Toula Drimonis: CAQ adds to basket of big ideas that go nowhere

Panier bleu and Espaces bleus are the latest examples in a long list of abandoned projects, broken promises and ill-planned schemes.

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Leave it to the Coalition Avenir Québec government to vaunt big ideas and shiny projects that too often end up going nowhere, sometimes at taxpayers’ expense. The Espaces bleus and Panier bleu initiatives are the latest examples, after both were unceremoniously axed in recent weeks.

This month, the government cancelled Espaces bleus, a network of museums that Premier François Legault insisted would celebrate Quebec’s culture and history. The ambitious project, announced in 2021 with great fanfare, had the government allocating $259 million for the creation of 17 spaces that it said would motivate Quebecers to forget Cancun or Puerto Plata and travel the province instead. As if Quebecers travel to those destinations for the culture and not the 32 C weather in the middle of winter.

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When opposition MNAs like Pascal Bérubé of the Parti Québécois pointed out Quebec already has regional museums that could desperately use that infusion of millions spent on grandiose plans no one asked for (an argument reiterated on social media by Liberal culture critic Brigitte Garceau) they were ignored. Fast-forward to 2024. After construction costs skyrocketed, the government realized it would be forced to invest far more money than it initially estimated, and shelved the project.

Last month, we saw a similar outcome with another of the CAQ’s “pride-generating, nation-building” projects when the Panier blue, an online merchant site launched to help Quebec businesses sell their products, died a quiet death. With only seven per cent of the province’s online transactions made on the platform in 2022, the site never succeeded in convincing enough Quebecers shopping “blue” is better than Amazon’s free shipping. What’s more, last year it was revealed a mere 600 out of 100,000 available products were actually from Quebec.

When Amazon recently decided to identify certified Quebec products, making it easier for online shoppers to support local, it was officially game over for Panier blue, as it no longer had a reason to exist. The plug was pulled on another ill-conceived project infused with taxpayer dollars.

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After more than five years in government, “poorly thought out” appears to be the CAQ’s signature style. We saw with the university-tuition saga how Legault and his ministers were unwilling to listen to experts, including the government’s own advisory committee. With the Northvolt battery plant project, they wouldn’t listen to opposition parties, among others, urging more consultation.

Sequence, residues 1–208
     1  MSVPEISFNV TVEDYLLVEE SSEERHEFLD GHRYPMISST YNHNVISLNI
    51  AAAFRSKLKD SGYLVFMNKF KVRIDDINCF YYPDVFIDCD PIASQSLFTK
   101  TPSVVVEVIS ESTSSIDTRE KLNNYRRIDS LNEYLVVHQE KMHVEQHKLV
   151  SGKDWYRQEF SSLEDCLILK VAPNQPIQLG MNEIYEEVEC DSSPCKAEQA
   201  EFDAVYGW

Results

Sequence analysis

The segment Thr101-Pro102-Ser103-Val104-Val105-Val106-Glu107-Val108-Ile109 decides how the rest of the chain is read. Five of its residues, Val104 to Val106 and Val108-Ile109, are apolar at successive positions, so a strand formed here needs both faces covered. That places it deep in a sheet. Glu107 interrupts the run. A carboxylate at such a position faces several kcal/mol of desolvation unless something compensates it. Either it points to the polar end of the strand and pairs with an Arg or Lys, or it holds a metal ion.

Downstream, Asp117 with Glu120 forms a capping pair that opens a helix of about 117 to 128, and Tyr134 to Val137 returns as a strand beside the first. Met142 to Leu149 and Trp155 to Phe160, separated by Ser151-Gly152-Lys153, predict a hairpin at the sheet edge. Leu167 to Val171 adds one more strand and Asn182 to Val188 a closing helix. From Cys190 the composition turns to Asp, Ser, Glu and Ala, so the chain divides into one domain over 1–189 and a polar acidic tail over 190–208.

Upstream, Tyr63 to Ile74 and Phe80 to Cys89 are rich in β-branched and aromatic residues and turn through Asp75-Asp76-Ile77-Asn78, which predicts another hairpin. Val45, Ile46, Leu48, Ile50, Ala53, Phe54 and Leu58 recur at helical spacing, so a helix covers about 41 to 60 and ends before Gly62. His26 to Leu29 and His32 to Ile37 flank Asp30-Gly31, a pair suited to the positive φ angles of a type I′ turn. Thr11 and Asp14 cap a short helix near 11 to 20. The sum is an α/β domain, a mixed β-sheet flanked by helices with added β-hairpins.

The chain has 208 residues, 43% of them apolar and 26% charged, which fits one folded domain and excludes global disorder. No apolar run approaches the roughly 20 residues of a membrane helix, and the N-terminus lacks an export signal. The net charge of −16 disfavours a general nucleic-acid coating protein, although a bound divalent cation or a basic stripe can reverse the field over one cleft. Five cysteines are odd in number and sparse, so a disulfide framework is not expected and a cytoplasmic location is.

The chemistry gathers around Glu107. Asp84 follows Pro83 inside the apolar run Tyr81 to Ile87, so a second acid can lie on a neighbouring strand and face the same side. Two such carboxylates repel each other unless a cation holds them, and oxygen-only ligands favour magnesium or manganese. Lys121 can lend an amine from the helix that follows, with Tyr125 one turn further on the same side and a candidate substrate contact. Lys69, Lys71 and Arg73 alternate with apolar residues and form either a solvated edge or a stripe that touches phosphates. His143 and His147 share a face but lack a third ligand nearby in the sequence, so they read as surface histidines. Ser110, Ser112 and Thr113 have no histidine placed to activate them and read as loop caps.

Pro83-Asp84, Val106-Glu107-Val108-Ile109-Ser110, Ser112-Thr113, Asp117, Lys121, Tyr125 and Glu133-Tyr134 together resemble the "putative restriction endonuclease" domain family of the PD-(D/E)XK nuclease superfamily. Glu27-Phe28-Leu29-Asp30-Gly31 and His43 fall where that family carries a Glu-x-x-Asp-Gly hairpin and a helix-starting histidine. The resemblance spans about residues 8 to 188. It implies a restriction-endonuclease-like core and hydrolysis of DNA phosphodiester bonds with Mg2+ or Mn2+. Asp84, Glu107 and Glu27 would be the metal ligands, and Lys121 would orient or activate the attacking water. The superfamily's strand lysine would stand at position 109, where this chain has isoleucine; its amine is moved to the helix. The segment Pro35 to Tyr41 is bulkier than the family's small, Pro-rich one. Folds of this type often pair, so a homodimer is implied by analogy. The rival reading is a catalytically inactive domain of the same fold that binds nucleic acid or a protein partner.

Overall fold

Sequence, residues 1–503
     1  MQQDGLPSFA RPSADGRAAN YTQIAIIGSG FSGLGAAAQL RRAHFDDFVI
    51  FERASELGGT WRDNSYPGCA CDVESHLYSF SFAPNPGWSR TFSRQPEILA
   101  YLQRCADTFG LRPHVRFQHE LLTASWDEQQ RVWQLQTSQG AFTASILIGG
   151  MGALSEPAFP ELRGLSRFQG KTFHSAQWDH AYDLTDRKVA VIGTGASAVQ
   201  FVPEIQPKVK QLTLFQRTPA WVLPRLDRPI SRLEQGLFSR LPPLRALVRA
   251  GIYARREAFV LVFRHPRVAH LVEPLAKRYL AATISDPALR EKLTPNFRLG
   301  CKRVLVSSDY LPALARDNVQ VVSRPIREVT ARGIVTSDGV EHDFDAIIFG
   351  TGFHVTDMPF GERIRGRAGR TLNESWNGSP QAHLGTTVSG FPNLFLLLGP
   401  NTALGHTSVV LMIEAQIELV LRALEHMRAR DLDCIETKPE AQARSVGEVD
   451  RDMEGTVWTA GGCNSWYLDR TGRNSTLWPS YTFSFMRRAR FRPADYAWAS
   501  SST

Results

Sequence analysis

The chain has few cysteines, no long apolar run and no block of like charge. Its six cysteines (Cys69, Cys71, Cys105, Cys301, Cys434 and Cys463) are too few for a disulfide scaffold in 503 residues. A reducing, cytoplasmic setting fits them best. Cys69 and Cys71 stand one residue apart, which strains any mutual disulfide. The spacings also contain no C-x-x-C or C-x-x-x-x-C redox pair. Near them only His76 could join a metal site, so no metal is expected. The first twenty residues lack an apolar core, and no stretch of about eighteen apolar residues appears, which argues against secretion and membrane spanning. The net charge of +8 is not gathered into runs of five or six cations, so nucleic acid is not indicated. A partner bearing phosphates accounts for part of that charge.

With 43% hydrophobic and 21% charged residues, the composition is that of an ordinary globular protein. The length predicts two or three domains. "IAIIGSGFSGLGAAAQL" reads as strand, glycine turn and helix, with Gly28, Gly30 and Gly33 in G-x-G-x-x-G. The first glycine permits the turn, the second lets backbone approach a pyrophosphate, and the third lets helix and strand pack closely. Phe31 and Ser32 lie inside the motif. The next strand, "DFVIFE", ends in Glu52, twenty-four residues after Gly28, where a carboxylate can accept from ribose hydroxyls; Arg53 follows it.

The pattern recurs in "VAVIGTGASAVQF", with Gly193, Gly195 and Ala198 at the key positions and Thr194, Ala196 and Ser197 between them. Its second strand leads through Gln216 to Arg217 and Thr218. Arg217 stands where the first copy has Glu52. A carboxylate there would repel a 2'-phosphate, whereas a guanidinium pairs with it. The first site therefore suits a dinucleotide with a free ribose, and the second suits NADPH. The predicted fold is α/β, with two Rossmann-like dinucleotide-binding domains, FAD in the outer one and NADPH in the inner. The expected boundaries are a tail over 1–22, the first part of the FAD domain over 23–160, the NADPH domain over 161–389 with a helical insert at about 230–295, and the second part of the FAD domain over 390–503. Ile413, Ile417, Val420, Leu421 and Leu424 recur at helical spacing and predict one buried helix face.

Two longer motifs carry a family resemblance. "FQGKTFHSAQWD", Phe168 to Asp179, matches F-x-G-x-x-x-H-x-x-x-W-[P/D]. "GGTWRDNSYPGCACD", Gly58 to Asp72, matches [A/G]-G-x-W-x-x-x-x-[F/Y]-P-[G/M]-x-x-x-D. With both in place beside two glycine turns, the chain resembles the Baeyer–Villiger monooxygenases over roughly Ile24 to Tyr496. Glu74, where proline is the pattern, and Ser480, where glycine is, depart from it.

Whether guided by political motives or personal ideology, or both, this government has been pushing projects that don’t appear based on sound arguments. Remember the CAQ’s restrictions to the student immigration program? It backtracked on that, just like it beat a quick retreat on the “third link” tunnel project in Quebec City, only to flip-flop once more in the face of a public backlash and raise the possibility anew. And now Espaces bleus and Panier bleu have been abandoned altogether.

Likewise, Legault campaigned heavily on the promise to offer free pre-kindergarten classes for all four-year-olds, even though his plan was criticized by opposition parties as untenable. Five years later, he grudgingly admitted Quebec doesn’t have enough teachers to make the plan a reality.

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You can add electoral reform and “a family doctor for every Quebecer” to the list of broken promises.

When governments announce shiny signature projects — perhaps firmly convinced of their merits — they should show a willingness to listen to constructive criticism and consult with those directly impacted by these decisions. With the CAQ, we are too often left with the impression that projects serve as a political tool to incite national pride and position the party as a steward of “Quebec values.”

What Quebecers need most is far less sexy — better health care, better education, better public transit, and far more affordable housing. Delivering on any of that beats flashy projects any day of the week.

Toula Drimonis is a Montreal journalist and the author of We, the Others: Allophones, Immigrants, and Belonging in Canada. She can be reached on X @toulastake

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